Personalities of the Buddhist Suttas
PTS: DPPN ii, pp730
He was a brahmin of Raajagaha who, being neglected by his children in his old age, sought ordination. The monks refused his request on the ground of his age, so he sought the Buddha who, seeing his upanissaya, asked Saariputta to admit him. Soon after he won arahantship. He stayed near the Buddha, and, by reason of his skill, the Buddha declared him foremost among those who could inspire "speech in others (? pa.tibhaa.nakeyyaana.m). He thereby earned the name of Pa.tibhaa.niya Thera. The Theragaathaa contains two verses spoken by him in praise of concentration of the mind. The Raadha Sa'nyutta contains a large number of suttas preached by the Buddha in answer to Raadha's questions on various topics. It is said that when the Buddha saw Raadha he felt the inclination to talk on matters dealing with subtle topics, illustrating them with various similes.
In the time of Padumuttara Buddha, Raadha was a householder of Ha'nsavatii and held a great almsgiving in honour of the Buddha, wishing to gain pre-eminence in the power of inspiring others to speak. He gave ripe mangoes to Vipassii Buddha and, as a result, was born in heaven.
Suraadha Thera (q.v.) was his younger brother. Raadha was, for some time, the Buddha's attendant.
Raadha Sutta. - Raadha asks the Buddha if ideas of "I" and "mine" are completely absent in him who knows and sees, regarding the body, consciousness and external objects. The Buddha answers in the affirmative.
Raadha Sutta. - Raadha, before becoming an arahant, goes to the Buddha and asks for a teaching in brief. The Buddha tells him to abandon desire for what is impermanent - i.e., the eye, objects, eye-consciousness, etc.
PTS: Psalms of the Early Buddhists, II. - Psalms of the Brethren, Mrs. Rhys Davids, trans., pp115
Reborn in the time of our Exalted One at Raajagaha, as a brahmin, he was in his old age unable to perform his various duties. Being passed over, he went to the Master and revealed his needs. The Master, contemplating his graduation in essential conditions, ordered Saariputta to admit him. Soon after that he won arahantship. And thereafter, keeping near the Master, he became pre-eminent among those who, deriving from the Master's teaching, could speak impromptu.
Now one day seeing how want of self-training occasioned governance by the passions, he exhorted thus:
E'en as into an ill-roofed house the rain
Doth pierce and penetrate continually,
So into mind by exercise untrained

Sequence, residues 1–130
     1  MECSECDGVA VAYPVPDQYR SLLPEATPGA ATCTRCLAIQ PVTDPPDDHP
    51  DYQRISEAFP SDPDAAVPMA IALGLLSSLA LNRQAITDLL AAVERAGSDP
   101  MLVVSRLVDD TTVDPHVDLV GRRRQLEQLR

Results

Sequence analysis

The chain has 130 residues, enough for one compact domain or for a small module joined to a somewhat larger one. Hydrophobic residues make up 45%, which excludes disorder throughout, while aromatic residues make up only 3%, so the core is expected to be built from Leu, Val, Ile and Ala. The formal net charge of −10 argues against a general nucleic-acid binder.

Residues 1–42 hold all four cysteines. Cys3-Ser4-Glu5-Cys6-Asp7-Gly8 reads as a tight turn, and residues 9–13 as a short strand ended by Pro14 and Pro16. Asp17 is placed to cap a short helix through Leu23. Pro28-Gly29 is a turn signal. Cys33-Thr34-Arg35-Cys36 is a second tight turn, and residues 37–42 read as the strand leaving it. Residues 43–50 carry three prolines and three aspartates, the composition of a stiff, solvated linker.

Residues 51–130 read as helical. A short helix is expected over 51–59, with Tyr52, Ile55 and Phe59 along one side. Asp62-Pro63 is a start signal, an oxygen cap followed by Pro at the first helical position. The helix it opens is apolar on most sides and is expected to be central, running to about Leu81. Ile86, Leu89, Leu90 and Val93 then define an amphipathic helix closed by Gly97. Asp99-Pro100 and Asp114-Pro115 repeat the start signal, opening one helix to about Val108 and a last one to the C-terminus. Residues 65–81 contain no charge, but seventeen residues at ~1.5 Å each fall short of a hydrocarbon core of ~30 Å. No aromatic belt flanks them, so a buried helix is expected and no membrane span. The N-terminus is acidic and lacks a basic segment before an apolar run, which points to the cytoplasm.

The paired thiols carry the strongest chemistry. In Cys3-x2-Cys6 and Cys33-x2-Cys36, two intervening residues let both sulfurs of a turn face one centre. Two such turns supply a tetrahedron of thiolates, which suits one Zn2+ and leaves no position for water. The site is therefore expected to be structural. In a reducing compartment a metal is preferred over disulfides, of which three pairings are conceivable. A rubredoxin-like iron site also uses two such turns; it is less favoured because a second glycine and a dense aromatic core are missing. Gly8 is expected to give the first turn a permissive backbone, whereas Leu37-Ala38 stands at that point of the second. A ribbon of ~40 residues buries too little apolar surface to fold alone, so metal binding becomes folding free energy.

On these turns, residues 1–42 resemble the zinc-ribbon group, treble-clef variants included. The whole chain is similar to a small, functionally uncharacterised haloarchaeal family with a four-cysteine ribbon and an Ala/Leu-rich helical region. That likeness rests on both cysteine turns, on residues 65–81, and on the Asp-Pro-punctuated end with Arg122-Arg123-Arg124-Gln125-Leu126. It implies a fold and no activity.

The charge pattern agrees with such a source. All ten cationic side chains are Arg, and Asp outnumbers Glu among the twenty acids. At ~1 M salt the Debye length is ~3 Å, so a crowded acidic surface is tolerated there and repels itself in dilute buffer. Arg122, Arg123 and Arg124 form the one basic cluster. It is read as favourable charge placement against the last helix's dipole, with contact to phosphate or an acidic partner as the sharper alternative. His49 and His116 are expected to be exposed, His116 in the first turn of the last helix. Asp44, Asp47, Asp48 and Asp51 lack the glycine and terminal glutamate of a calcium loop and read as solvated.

Doth passion ever pierce and penetrate.
And as into a well-roofed house no rain
Doth pierce and penetrate continually,
So into mind by calm and insight trained
Doth passion never pierce and penetrate.
It is probably this incident which is referred to at ThagA. ii. 114[sub-1], where Saariputta is said to have ordained a poor brahmin named Raadha, but no mention is made of any order from the Buddha. If the reference is to this same thera, Raadha was, for some time, the attendant (pacchaasama.na) of Saariputta, and there is a verse in Thag.(993) spoken to him by Saariputta, who was pleased with Raadha's gentle manner. DhA. ii. 104ff. gives more details of the ordination of Raadha. There we are told that he went to the monastery where he performed various duties. But the monks would not admit him into the Order, and, owing to his disappointment, he grew thin. One day the Buddha, seeing him with his divine eye, went to him, and hearing of his wish to join the Order, summoned the monks and asked if any of them remembered any favour done by Raadha. Saariputta mentioned that he had once received a ladleful of Raadha's own food while begging in Raajagaha. The Buddha then suggested that Saariputta should listen to Raadha's request for ordination. After ordination, Raadha grew weary of the food of the refectory, but Saariputta constantly admonished him and found him most humble; later, he spoke highly of Raadha's obedience, and the Buddha praised him. It was on Raadha's account that the Aliinacitta Jaataka (q.v.) was preached. AA. i. 179 f. agrees, more or less, with the account given above; so does Ap. ii. 485 f.
[sub-1]ThagA. ii. 114 ... Again, the Thera [Saariputta] showing kindness to an unfortunate brahmin named Raadha, caused him to leave tho world and enter the Order.[sub-2] Afterwards, while on tour, he admonished Raadha, pleased with his gentle behaviour:
As one who shows where treasures hidden lie,
So is the man of wisdom who discerns
What to avoid, and utters sage rebuke:--
If such an able guide ye see and heed,
For you who follow, better 'tis, not worse.
[sub-2]This is more fully related in Dhammapada Commentary (Raadha-thera-vatthu'), ii. 104 ff., on verse 76. Raadha is probably the aged Thera of CXXVII., ordained by Saariputta.
A. i. 25; ThagA. i. 253 f. pa.tibhaa.nakeyyaana.m Bhanaka would be a "reciter" of suttas, pati would indicate some sort of repartee - base meaning bounce or rebound - hear: rep-par-ti; plus the evidence in the suttas is not so much of his speaking, but of others being inspired to speak to him.
SA. ii. 246.
vss. 133-4 .
S. iii. 188-201; see also Raadha Sutta.
SA. ii. 246; this was because of Raadha's wealth of views (di.t.thisamudaacaara). and unwavering faith (okappaniya-saddhaa); AA. i. 179; also ThagA. i. 254.
ThagA. i. 253; AA. i. 180; Ap. ii. 484.
AA. i. 163.
S. iii. 188-201.
S. iii. 79.
S. iv. 48f.
The passage assigning him pre-eminence is then quoted from Ang., i. 25. Cf. with Vangiisa's similar but not identical pre-eminence, Pa. CCLXIV. This Thera is possibly identical with the 'venerable Raadha' addressed in many short discourses of the Sa'nyutta (iii. 79, 188ff.; iv. 48f.).
"Exercise,''calm and insight' - in the text bhaavanaa - the collective name for the systematized effort in self-training of the disciple who seeks perfection (Bud. Psy., p. 261, n. 2). Specified as 'calm and insight' in the Commentary. Cf. Compendium. p. 202 ff.